From January 19, Jerwood Gallery will premiere previously unseen and new works by critically acclaimed artist Nigel Cooke in an exhibition entitled Painter’s Beach Club.
The show is something of a homecoming for Cooke - who mixes music, the weather and memories of growing up in Manchester to create his work - as Hastings is where he first had his paintings shown as a professional artist.
Cooke said: “Coming back to Hastings after many adventures - in painting and the art world in general - to mount a show, has the feel of an odyssey. That’s the thing about painting; no matter how far you think you travel, you always end up back at the beginning.”
He added: “A lot of my work has the shoreline as its location and, because Jerwood Gallery is by the sea, I wanted to focus on this aspect. Like all of us straining to get to the beach when the sun is out, I like to set my paintings at a similar frontier, an idealistic background that the painting can react to.”
On display will be works previously unseen in a UK public gallery which the New York Times recently described as combining “magic realist illusion, post-apocalyptic fantasy and extreme shifts of scale.”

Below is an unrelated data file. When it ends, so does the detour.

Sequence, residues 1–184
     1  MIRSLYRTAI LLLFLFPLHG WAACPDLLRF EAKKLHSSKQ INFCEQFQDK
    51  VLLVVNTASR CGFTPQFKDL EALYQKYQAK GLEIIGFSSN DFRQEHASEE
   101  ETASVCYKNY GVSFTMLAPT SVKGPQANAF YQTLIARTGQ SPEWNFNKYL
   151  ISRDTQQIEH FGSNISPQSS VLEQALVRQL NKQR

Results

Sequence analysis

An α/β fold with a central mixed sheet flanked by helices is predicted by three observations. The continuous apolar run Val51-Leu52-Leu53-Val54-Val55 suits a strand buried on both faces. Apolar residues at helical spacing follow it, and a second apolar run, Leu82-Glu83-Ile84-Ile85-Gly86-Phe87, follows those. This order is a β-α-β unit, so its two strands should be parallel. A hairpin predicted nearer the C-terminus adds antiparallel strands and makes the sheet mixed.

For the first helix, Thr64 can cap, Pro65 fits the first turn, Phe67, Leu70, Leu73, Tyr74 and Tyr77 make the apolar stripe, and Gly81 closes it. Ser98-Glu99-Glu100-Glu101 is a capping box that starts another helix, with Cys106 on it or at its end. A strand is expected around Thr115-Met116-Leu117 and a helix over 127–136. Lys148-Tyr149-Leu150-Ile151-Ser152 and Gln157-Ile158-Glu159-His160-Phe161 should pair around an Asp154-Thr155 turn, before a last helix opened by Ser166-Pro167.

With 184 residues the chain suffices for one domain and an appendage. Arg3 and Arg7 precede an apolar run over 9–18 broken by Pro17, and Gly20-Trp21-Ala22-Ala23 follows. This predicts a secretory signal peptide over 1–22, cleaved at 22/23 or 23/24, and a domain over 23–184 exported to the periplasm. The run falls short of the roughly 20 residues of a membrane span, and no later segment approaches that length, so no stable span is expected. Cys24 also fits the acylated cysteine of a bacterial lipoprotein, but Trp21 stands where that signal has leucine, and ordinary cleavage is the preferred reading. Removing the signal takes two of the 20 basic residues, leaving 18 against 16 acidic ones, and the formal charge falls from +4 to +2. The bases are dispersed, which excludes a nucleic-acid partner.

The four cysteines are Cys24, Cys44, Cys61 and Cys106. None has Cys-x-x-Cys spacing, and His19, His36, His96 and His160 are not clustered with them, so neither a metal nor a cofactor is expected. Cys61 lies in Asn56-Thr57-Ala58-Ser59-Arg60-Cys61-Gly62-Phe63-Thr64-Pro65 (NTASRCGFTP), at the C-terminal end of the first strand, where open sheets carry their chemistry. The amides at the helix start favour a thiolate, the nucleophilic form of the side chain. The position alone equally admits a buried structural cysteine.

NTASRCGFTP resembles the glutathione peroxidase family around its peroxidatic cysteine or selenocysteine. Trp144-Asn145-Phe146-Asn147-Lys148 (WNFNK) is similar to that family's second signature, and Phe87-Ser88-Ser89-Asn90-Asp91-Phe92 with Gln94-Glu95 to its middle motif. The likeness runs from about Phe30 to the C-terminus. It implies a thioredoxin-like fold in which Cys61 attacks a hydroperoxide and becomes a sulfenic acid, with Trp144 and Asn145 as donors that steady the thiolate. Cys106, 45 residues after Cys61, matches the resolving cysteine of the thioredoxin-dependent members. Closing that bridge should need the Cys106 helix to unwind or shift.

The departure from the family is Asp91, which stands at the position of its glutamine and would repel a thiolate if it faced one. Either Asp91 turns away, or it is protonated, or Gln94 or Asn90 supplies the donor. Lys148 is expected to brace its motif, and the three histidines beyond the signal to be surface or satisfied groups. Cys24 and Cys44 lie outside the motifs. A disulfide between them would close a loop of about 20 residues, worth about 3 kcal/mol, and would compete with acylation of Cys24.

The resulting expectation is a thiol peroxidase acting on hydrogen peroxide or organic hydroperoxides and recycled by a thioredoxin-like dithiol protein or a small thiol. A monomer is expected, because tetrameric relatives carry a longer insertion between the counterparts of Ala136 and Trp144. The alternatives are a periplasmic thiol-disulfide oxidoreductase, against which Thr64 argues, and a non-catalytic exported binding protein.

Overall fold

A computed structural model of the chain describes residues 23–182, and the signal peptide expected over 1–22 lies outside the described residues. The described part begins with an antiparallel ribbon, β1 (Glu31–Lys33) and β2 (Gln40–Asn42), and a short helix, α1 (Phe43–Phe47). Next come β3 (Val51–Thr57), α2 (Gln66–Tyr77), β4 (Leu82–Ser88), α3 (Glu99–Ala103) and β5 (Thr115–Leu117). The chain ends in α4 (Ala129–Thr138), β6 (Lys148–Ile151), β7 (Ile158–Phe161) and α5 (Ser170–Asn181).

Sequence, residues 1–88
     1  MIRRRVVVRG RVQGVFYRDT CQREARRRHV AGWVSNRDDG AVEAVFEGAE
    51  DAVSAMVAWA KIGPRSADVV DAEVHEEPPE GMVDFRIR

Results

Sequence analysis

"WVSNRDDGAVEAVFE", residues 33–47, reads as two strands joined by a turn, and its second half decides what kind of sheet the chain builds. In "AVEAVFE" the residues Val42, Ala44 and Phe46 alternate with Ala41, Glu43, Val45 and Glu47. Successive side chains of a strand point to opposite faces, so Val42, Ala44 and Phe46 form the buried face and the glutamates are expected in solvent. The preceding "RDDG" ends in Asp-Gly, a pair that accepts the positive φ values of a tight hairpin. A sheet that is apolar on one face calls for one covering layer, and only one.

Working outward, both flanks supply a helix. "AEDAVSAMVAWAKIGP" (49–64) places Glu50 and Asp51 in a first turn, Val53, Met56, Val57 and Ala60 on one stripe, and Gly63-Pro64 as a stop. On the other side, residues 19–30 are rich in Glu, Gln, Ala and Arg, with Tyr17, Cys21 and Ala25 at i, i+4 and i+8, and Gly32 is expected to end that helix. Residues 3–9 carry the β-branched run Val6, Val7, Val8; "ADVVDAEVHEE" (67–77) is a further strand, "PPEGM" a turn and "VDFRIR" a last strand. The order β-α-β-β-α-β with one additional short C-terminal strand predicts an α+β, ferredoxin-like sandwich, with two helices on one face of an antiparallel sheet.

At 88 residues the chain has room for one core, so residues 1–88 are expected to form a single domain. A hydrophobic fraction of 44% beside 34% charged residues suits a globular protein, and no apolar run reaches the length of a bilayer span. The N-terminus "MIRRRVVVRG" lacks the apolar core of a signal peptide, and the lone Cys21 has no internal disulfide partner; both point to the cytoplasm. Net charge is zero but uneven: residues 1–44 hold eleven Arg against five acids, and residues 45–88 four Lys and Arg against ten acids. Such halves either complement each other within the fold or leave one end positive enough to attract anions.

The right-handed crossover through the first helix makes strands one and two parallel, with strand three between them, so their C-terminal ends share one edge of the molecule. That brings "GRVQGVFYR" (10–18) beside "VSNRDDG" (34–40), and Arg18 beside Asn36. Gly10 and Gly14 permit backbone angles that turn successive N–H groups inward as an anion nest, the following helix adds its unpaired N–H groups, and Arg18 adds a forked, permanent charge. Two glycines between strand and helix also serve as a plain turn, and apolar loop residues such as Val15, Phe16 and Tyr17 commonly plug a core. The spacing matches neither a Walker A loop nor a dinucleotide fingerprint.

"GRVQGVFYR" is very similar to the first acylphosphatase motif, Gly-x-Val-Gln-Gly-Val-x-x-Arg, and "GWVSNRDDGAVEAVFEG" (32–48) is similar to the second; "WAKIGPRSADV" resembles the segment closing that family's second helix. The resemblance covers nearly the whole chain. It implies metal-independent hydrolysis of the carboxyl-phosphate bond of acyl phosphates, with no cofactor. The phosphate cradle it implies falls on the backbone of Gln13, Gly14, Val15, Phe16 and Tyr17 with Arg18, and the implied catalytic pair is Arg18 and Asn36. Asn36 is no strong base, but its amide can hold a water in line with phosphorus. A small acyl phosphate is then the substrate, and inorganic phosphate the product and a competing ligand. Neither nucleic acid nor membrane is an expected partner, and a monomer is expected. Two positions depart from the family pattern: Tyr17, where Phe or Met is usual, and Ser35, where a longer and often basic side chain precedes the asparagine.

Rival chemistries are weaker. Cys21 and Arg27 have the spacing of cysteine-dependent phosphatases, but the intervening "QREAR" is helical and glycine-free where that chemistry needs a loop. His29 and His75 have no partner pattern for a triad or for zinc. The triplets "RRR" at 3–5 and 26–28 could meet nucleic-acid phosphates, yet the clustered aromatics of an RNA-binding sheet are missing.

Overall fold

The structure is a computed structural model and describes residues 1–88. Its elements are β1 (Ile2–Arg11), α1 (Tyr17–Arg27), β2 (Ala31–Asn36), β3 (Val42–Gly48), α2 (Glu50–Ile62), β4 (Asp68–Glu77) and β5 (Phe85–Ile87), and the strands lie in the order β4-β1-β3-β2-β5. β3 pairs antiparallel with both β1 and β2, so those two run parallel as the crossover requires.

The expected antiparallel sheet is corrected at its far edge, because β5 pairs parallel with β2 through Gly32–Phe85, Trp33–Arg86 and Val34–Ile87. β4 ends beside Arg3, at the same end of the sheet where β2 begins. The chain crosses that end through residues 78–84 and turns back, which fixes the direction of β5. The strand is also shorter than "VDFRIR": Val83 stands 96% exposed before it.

Cooke’s paintings, frequently on vast canvases, feature somewhat dystopian landscapes, peopled by a variety of oddball and yet recognisable characters. Each painting demands close inspection as, among the weeds, stones and rubble will be found graffiti-like slogans, motifs and painterly references to his artistic heroes, such as Francis Bacon, Velazquez and Goya. Cooke likes to work at close range and at a distance, so it often seems like each painting contains many smaller ones within it.
Growing up in the North of England, Cooke studied an art foundation course at Stockport College prior to pursuing a degree course at Nottingham Trent University. In 1997 he completed an MA at the Royal College of Art before being awarded a PhD in Fine Art from Goldsmith’s College, London (2004).
Today, Cooke’s work hangs in major collections around the world, including the Tate, New York’s Museum of Modern Art (MoMA) and the Guggenheim.
For more information visit www.jerwoodgallery.org.